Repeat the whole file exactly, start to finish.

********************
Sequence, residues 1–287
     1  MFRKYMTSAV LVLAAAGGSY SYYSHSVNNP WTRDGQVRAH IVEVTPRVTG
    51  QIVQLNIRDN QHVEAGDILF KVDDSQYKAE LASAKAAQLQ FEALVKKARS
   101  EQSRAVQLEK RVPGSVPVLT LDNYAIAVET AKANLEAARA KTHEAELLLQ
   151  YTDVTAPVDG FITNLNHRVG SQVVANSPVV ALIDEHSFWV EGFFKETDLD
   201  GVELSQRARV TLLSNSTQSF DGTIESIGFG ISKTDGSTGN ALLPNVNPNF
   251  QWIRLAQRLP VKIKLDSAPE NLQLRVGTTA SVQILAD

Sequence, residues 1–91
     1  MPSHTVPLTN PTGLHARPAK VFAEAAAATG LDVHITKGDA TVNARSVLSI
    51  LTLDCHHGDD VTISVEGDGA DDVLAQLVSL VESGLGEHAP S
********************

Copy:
Sequence, residues 1–287
     1  MFRKYMTSAV LVLAAAGGSY SYYSHSVNNP WTRDGQVRAH IVEVTPRVTG
    51  QIVQLNIRDN QHVEAGDILF KVDDSQYKAE LASAKAAQLQ FEALVKKARS
   101  EQSRAVQLEK RVPGSVPVLT LDNYAIAVET AKANLEAARA KTHEAELLLQ
   151  YTDVTAPVDG FITNLNHRVG SQVVANSPVV ALIDEHSFWV EGFFKETDLD
   201  GVELSQRARV TLLSNSTQSF DGTIESIGFG ISKTDGSTGN ALLPNVNPNF
   251  QWIRLAQRLP VKIKLDSAPE NLQLRVGTTA SVQILAD

Sequence, residues 1–91
     1  MPSHTVPLTN PTGLHARPAK VFAEAAAATG LDVHITKGDA TVNARSVLSI
    51  LTLDCHHGDD VTISVEGDGA DDVLAQLVSL VESGLGEHAP S